U students volunteer at health-care clinic

Hayley Odom

In class, medical students are expected to learn the basics of medicine, such as taking blood pressure, testing for disease and learning general practice procedures.

But more than 100 University students have also been learning on the job while volunteering in a Phillips Neighborhood Clinic that brings health care to the uninsured and the needy.

The students said they feel good about giving back to the community while improving residents’ lives, a task they take on nearly every Monday night from the basement of a Minneapolis Presbyterian church, where the clinic is located.

It is the only student-run clinic in the area, and second-year medical student Jennifer McNabb said she has volunteered there since last November.

“When I found out about a clinic that helped the underinsured, I really liked the idea of it, which is why I decided to get involved,” she said.

University Center for Bioethics professor and clinic medical director John Song helps supervise the students.

“It’s really inspiring to see how many students are willing to take time out of their busy schedules and serve a population that a lot of the rest of the society has forgotten or ignored,” he said.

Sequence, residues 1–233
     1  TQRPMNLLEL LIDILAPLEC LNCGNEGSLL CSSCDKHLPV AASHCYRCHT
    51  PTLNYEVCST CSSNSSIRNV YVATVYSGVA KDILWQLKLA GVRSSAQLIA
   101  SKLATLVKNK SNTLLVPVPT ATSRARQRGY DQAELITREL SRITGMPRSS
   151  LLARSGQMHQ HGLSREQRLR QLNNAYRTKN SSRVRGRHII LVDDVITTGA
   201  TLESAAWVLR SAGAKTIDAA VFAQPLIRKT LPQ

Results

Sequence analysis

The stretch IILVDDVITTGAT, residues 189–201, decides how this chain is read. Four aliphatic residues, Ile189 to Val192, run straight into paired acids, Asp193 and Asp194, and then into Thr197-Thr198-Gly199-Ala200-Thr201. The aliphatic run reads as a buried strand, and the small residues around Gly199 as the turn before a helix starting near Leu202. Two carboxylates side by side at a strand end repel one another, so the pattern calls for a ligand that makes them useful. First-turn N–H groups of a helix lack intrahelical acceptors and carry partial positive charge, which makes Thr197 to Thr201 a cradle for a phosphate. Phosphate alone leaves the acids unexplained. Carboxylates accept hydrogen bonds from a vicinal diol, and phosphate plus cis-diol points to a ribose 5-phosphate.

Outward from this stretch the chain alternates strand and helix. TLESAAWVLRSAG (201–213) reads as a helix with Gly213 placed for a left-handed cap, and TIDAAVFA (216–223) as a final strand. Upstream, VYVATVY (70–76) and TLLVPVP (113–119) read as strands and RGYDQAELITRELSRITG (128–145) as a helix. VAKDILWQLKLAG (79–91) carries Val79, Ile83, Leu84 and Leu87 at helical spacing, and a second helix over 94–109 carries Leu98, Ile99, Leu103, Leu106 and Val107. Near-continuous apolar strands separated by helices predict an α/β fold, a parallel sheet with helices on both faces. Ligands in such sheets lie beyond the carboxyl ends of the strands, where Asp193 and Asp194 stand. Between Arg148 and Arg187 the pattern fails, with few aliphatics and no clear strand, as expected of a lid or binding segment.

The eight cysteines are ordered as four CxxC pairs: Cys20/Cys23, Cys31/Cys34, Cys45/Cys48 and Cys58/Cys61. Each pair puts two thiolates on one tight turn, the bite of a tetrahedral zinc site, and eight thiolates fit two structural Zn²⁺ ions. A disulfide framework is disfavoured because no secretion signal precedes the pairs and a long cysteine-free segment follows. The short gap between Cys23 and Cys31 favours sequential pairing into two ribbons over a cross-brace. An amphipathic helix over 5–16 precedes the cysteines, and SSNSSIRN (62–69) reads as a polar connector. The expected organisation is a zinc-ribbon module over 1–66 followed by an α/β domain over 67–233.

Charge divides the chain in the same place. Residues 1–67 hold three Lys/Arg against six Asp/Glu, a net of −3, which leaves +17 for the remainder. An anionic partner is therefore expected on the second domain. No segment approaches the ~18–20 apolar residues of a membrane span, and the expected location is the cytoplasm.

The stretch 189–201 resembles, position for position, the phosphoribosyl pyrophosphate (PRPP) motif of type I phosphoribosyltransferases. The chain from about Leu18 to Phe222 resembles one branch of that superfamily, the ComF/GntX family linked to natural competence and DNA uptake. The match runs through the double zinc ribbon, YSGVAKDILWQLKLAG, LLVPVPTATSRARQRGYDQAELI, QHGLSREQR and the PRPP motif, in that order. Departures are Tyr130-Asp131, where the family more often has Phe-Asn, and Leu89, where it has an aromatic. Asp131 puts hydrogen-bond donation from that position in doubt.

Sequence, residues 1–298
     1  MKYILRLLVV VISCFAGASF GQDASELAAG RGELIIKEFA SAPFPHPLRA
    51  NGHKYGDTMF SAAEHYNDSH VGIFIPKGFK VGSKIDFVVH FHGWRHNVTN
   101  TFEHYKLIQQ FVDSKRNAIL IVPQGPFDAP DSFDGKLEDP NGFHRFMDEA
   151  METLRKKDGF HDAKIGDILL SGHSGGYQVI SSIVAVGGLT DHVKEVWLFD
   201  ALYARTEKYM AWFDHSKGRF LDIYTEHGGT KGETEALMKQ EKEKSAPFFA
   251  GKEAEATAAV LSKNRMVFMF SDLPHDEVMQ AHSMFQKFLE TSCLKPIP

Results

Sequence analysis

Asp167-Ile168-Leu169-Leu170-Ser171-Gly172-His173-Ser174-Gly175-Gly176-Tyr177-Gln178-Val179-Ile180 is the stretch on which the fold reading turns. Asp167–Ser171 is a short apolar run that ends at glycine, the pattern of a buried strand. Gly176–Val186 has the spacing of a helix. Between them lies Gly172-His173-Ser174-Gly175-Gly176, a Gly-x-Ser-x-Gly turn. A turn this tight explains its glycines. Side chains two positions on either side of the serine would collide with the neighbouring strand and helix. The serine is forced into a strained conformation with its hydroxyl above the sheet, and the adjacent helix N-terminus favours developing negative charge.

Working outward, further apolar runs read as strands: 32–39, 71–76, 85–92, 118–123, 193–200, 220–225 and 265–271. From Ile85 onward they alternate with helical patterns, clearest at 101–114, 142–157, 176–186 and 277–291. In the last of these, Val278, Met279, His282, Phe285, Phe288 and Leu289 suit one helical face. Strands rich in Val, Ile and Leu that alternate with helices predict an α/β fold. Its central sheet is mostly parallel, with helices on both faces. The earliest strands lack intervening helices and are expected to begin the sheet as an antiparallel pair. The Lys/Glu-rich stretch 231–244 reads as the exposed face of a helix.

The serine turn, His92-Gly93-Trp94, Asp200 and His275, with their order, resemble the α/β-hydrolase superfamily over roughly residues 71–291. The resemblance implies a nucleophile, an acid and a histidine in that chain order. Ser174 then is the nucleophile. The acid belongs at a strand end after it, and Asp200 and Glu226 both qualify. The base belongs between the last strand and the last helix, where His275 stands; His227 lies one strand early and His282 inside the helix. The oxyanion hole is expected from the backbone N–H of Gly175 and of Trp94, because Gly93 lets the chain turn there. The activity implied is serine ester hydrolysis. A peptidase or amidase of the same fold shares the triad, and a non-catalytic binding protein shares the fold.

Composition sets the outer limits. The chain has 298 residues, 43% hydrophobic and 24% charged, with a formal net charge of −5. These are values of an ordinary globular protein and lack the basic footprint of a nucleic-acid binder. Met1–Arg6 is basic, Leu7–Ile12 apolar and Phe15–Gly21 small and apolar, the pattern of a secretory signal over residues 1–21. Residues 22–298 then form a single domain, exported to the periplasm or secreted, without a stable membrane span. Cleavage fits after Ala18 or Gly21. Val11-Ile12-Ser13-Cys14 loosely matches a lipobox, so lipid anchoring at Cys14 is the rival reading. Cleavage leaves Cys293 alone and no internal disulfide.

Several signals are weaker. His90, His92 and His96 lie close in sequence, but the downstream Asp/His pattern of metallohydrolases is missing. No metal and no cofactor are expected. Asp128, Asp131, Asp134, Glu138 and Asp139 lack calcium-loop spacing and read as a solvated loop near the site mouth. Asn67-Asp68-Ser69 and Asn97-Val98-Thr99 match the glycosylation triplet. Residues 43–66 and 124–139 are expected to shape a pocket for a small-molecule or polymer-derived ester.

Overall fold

Besides working directly with patients in the clinic, McNabb said she is also on a committee that helps secure funding.

Student volunteers have organized a silent auction tonight at the Weisman Art Museum to further raise money for the clinic. Items up for auction include art, getaway vacations, a massage package and blown glass vases, McNabb said.

“We do a lot of grant writing and we thought this would be a fun event – something different to help raise money,” she said. “It’s more of a community outreach for the clinic.”

More than half of the clinic’s patients are Hispanic and do not speak English, said Eric Meininger, clinic coordinator and physician at the Community-University Health Care Center.

“(The students) get to experience working with folks in needy communities and give back to the community at the same time,” he said.

Clinic workers also do not ask immigrants about their legal status in the country.

The student volunteers are from six Academic Health Center schools and are supervised by doctors from the Community-University Health Care Center and the Academic Health Center.

The clinic offers general medical care, physical therapy, social services, and has a pharmacy.

On average, the clinic serves between six and eight patients each Monday, Meininger said.

“The need is greater than (what) we are offering at this point,” he said.

“It’s quite time-intensive to operate, even with the limited hours,” Meininger said, adding that the clinic might expand its hours in the future.

Clinic patrons also see a need for expanded hours, Song said, adding the clinic wishes more faculty would volunteer to help the students.

“We need more professionals to help teach our students,” he said.